• Original pick: Jonny Flynn
  • Green’s original draft position: 46

There are a number of options, but give me the ultimate role player who won three championships as a starter on three different teams and made an All-Defensive Team.

There’s a place on every team in the league for Green’s 3-point shooting and defensive versatility.

— Rafferty

7. Ricky Rubio, Warriors

  • Original pick: Stephen Curry
  • Rubio’s original draft position: 5

Rubio’s international highlight reel made him look like the modern-day Magic Johnson. He was unable to live up to those lofty expectations, but he has still enjoyed a solid career.

From 2011-17, Rubio averaged 10.3 points, 8.5 assists, 4.2 rebounds and 2.1 steals per game with the Timberwolves. He also had short stints with the Jazz, Suns and Cavaliers, giving each team a trustworthy floor general.

— Greer

8. Jeff Teague, Knicks

  • Original pick: Jordan Hill
  • Teague’s original draft position: 19

The last remaining All-Star from this class. Teague was a rock-solid point guard, peaking in 2014-15 when he averaged 15.9 points, 7.0 assists and 1.7 steals per game on a Hawks team that won 60 games.

Even though he didn’t play much, Teague did win a championship with the Bucks in 2021.

— Rafferty

Wesley Matthews and James Harden

9. Wesley Matthews, Raptors

  • Original pick: DeMar DeRozan
  • Matthews’ original draft position: Undrafted

Matthews is a terrific undrafted success story. He is currently second on the list of the highest-earning undrafted players in NBA history behind only Fred VanVleet.

He built up his value by solidifying himself as a 3-and-D wing who is always willing to do the dirty work. He is a career 37.6 percent 3-point shooter.

— Greer

10. Patrick Beverley, Bucks

  • Original pick: Brandon Jennings
  • Beverley’s original draft position: 42

Beverley has been one of the best and peskiest defenders in the NBA for a while now, earning three All-Defensive selections and a Hustle Award. (Yes, that’s a thing!)

When he’s also knocking down 3-pointers, he’s the ideal point guard to pair with a star.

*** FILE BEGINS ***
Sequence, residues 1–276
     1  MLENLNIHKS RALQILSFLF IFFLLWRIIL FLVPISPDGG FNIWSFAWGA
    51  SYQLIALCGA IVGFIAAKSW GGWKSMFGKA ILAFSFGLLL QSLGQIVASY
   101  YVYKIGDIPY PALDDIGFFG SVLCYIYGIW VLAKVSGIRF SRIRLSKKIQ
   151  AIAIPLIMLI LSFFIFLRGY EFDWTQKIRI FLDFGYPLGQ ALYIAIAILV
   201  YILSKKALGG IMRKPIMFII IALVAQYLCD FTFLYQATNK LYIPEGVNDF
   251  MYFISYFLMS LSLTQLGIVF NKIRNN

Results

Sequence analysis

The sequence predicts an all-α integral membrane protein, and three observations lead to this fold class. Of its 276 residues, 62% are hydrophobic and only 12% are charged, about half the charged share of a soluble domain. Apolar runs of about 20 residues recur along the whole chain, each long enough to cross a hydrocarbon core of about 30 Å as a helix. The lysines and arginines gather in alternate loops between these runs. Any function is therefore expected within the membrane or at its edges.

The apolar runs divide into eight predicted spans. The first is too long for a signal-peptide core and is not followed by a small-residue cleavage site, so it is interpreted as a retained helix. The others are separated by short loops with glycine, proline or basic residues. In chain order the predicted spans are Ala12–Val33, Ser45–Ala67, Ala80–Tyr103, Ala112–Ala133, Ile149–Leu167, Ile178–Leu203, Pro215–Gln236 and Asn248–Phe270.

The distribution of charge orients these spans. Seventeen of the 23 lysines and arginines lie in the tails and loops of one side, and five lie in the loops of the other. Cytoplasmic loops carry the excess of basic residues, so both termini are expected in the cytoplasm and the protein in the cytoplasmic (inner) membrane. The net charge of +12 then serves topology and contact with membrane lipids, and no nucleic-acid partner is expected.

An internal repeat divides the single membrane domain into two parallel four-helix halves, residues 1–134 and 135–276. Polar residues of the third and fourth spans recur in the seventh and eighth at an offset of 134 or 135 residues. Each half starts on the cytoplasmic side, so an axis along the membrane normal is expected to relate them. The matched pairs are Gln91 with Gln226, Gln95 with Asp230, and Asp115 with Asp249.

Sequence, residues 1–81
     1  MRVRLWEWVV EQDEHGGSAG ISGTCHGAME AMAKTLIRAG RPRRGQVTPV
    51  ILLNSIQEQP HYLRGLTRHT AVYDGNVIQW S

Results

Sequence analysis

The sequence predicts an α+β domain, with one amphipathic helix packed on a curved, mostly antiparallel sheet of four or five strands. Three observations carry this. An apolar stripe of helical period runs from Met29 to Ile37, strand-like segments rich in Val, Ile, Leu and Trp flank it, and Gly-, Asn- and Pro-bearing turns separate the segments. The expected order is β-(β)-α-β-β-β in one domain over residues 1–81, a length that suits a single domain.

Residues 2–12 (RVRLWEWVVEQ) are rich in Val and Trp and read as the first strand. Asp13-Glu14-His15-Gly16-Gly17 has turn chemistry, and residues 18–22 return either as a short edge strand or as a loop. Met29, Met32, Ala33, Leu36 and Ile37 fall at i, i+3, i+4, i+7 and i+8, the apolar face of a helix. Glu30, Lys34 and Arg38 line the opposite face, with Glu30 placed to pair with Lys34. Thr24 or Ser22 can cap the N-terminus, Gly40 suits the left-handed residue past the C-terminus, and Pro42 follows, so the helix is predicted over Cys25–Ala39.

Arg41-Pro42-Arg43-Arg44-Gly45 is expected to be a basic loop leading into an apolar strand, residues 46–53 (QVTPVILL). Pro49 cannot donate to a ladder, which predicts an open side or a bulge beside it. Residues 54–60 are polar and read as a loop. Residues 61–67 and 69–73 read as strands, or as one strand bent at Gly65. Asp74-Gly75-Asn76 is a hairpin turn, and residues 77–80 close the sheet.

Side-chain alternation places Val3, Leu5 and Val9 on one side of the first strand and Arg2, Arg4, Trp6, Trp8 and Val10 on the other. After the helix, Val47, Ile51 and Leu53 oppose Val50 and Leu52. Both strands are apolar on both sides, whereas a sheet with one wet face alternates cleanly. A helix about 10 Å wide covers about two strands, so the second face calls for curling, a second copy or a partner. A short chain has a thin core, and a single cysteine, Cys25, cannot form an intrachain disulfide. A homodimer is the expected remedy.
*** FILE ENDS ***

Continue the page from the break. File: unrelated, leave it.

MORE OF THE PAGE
— Rafferty

11. Taj Gibson, Nets

  • Original pick: Terrence Williams
  • Gibson’s original draft position: 26

Gibson is the definition of a blue-collar big man. The guy just knows his role, regardless of whether he starts or comes off the bench — get some buckets, grab some rebounds and battle in the paint.

The overall numbers aren’t eye-popping (8.7 points, 5.9 rebounds per game), but Gibson’s longevity is extremely impressive considering how much the game has evolved in the past decade.

— Greer

12. Patty Mills, Hornets

  • Original pick: Gerald Henderson
  • Mills’ original draft position: 55

You can’t go wrong with Mills. He was one of the better bench scorers and shooters in the NBA for a good chunk of his career, and he has the reputation of being an excellent teammate.

He’s been a part of some very good teams and played an important role in San Antonio’s 2014 championship run.

— Rafferty

Patty Mills 07012023

13. Darren Collison, Pacers

  • Original pick: Tyler Hansbrough
  • Collison’s original draft position: 21

If Collison had not decided to retire in 2019, he very well may have landed higher on this draft board.

From 2009-2019, he averaged 12.5 points, 5.0 assists, 2.7 rebounds and 1.2 steals while shooting 47.1 percent from the field and 39.4 percent from beyond the arc. He also played with tremendous intensity on the defensive end.

— Greer

14.  Joe Ingles, Suns

  • Original pick: Earl Clark
  • Ingles’ original draft position: Undrafted

Ingles didn’t make it to the NBA until 2014, by which point he was 27 years old. Even so, he’s played more games in his career than Tyreke Evans, Brandon Jennings, Ty Lawson and Beverley, to name a few.

When he did make it over to the NBA, it didn’t take him long to make a name for himself as the ideal role player — a versatile wing who could make plays, knock down 3-pointers and guard multiple positions.

— Rafferty

Best players still available: Tyreke Evans, Ty Lawson, Brandon Jennings, James Johnson, Aron Baynes